All Noun
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  • Men would murder me, Because they think me favourer of this marriage. Cited from Queen Mary and Harold, by Alfred Lord Tennyson
  • Thou art still a favourer of the women, I find. Cited from Works, Vol XII, Miscellanies Pt II, Fielding
  • Of the poor he was a great and constant favourer. Cited from Heroes Every Child Should Know, by Hamilton Mabie
  • Do not I know you for a favourer Of this new sect? Cited from King Henry VIII, by William Shakespeare
  • William had shown himself in many instances a friend to the church, and a favourer of the clergy. Cited from Selections, Speeches and Writings of Edmund Burke
  • He is called a "favourer" of the new doctrines, but it is not stated how far he went in their support. Cited from A Popular History of Ireland V1, by T.D. McGee
  • About this time he became a great favourer of the Nonconformists. Cited from Lives of the Poets, Great Britain/Ireland, Vol. II, by Theophilus Cibber
  • Like him he was a poet, and a favourer of poets. Cited from The Project Gutenberg Encyclopedia Volume 1 of 28
  • And yet though the hereditary favourer, and one of the chief props of French authority, he has always an eye upon the past. Cited from In the South Seas, by Robert Louis Stevenson
  • From the time of the Restoration, he had been a favourer of monarchy, perhaps more so, because the opinion divided him from his own family. Cited from The Dramatic Works of John Dryden, Vol. I, ed. by Sir Walter Scott
  • He was no favourer of his friends in his judgments, for he valued more godly justice than the distinctions of rank. Cited from Sutherland and Caithness in Saga-Time, by James Gray
  • Your favourer, poor Mrs. Norton, thinks you know nothing of the pert creature's writing. Cited from Clarissa, Volume 7, by Samuel Richardson
  • After continuing in Rome about a year and a half, he found himself suspect in Rome as a favourer of Protestant doctrine.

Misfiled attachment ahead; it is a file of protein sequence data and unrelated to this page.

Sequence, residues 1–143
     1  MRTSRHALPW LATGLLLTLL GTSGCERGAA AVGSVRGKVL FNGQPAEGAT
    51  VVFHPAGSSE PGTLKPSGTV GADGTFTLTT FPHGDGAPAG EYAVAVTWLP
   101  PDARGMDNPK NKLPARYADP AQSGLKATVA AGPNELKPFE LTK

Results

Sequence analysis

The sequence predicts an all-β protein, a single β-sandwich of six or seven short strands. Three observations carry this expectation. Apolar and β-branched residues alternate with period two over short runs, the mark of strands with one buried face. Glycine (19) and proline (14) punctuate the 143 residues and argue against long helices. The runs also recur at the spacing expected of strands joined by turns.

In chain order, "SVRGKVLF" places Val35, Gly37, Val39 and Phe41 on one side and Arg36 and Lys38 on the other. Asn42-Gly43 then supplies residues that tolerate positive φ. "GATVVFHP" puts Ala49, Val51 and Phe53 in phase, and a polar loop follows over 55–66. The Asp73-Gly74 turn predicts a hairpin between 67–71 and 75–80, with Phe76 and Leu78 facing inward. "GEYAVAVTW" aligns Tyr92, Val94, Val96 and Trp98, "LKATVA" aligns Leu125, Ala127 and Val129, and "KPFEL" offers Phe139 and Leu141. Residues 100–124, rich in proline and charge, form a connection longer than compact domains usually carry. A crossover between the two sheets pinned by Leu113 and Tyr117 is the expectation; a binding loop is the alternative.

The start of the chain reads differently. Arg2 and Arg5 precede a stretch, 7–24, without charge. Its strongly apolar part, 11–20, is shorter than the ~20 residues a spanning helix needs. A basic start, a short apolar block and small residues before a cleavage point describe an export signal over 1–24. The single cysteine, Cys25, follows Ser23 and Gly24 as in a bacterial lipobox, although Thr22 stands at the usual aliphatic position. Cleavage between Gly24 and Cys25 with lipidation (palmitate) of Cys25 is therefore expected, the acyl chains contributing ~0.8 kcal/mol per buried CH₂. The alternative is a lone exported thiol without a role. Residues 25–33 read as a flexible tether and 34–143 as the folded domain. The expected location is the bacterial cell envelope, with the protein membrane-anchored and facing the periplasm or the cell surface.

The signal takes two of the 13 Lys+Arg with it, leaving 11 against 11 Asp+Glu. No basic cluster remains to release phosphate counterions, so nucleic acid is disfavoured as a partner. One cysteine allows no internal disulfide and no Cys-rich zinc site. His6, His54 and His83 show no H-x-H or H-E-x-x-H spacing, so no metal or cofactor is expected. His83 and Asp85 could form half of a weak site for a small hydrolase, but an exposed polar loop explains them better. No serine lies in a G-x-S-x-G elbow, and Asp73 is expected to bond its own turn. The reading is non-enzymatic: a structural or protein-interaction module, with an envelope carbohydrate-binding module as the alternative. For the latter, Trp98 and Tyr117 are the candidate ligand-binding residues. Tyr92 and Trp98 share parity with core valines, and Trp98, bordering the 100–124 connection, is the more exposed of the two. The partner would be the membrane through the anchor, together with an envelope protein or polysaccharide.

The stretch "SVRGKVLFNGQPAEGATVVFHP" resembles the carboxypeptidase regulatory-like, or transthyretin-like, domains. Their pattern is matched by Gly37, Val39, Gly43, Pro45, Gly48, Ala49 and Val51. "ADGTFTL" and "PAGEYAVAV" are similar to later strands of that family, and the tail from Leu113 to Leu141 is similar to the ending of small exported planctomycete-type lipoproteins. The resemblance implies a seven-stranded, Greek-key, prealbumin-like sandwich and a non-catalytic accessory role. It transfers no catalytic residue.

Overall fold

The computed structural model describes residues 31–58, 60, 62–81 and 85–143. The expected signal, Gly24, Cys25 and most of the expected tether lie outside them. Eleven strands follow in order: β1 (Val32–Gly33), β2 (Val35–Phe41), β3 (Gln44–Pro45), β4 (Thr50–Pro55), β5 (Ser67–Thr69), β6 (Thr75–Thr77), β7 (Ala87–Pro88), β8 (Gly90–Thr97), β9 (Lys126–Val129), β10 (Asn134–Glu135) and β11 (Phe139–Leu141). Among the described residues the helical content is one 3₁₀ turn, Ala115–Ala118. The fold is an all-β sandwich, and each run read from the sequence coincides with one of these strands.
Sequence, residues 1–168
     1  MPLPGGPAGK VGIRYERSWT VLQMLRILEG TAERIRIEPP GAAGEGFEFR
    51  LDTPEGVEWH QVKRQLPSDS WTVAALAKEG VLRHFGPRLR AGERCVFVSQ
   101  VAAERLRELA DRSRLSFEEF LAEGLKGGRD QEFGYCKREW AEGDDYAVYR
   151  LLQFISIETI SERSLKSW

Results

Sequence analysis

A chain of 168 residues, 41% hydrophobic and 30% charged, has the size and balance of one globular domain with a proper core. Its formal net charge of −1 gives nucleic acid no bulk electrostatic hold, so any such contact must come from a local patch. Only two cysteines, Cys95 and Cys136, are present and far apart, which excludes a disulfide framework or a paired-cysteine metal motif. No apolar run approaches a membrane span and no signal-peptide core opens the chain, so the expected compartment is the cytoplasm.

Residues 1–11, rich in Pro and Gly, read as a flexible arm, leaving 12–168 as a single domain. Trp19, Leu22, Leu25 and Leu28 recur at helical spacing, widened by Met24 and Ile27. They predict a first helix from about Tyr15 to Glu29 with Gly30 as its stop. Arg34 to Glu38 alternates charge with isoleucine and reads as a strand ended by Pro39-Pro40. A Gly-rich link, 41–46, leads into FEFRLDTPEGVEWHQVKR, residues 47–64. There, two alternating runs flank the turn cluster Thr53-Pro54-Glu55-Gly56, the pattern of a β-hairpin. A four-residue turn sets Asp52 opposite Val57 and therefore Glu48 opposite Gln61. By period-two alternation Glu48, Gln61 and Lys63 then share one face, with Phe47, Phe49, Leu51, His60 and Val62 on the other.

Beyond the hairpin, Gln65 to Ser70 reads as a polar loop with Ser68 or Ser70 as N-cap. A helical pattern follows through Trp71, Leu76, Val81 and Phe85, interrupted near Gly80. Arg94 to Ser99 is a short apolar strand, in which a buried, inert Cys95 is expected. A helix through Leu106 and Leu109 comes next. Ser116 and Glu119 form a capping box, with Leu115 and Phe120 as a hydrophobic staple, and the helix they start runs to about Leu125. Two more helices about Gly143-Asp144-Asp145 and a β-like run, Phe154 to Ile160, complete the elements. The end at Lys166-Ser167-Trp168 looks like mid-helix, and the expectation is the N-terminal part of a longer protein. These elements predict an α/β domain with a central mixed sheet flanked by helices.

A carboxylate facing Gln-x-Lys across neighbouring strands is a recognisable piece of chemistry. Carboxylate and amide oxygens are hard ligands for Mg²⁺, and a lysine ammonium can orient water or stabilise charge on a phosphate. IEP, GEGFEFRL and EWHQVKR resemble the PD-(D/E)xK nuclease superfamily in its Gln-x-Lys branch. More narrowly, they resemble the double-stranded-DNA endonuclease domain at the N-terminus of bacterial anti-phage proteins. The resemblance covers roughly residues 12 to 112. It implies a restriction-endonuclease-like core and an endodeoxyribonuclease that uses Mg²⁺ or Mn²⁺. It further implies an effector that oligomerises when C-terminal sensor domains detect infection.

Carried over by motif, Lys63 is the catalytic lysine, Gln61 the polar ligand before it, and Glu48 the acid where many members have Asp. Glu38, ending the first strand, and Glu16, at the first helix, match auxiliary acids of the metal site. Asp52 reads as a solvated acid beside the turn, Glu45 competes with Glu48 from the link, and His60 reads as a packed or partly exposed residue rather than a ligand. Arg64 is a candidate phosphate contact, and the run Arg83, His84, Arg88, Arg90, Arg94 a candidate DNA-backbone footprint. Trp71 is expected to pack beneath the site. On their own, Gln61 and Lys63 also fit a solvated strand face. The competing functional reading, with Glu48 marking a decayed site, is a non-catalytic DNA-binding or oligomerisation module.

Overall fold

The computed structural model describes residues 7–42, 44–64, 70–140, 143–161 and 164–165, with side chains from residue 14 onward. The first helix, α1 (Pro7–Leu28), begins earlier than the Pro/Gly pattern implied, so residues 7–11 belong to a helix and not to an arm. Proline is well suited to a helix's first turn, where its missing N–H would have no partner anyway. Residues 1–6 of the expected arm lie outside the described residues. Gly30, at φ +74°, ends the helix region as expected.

• Alwyn, true to his anti-feudal principles, animated all the young freemen to support the merchant-king, the favourer of commerce, the man of his age! Cited from Last of the Barons, by Lytton, Book 12
  • ALTHOUGH I know the emperor is both an admirer and favourer of our religion, yet give me leave to advise you against your suffering any injury (by showing favour to us). Cited from Forbidden Gospels, St. Paul, by Wake, V5
  • For that young Athenian, destined to so renowned a place in the history of his country, was, despite his popular manners, no favourer of the popular passions. Cited from Pausanias, the Spartan, by Lord Lytton
  • Alphonso was at once a patron of the church, and a protector if not a favourer of the Mahommedans, who formed a large part of his subjects. Cited from The Project Gutenberg Encyclopedia Volume 1 of 28
  • If even some mistakes have escaped him, of which the Socinians might take advantage, these will not authorise us to accuse him of being a favourer of that heresy. Cited from The Life of the Truly Eminent and Learned Hugo Grotius, by Burigny
  • It was probably accidental, as the Earl was a favourer of the reformed religion, and not likely to meet with treachery in England. Cited from An Illustrated History of Ireland from AD 400 to 1800, by Cusack
  • "They introduced into the camp the insolence of their own agora, and were publicly heard in the streets inveighing against myself as a favourer of the Persians." Cited from Pausanias, the Spartan, by Lord Lytton
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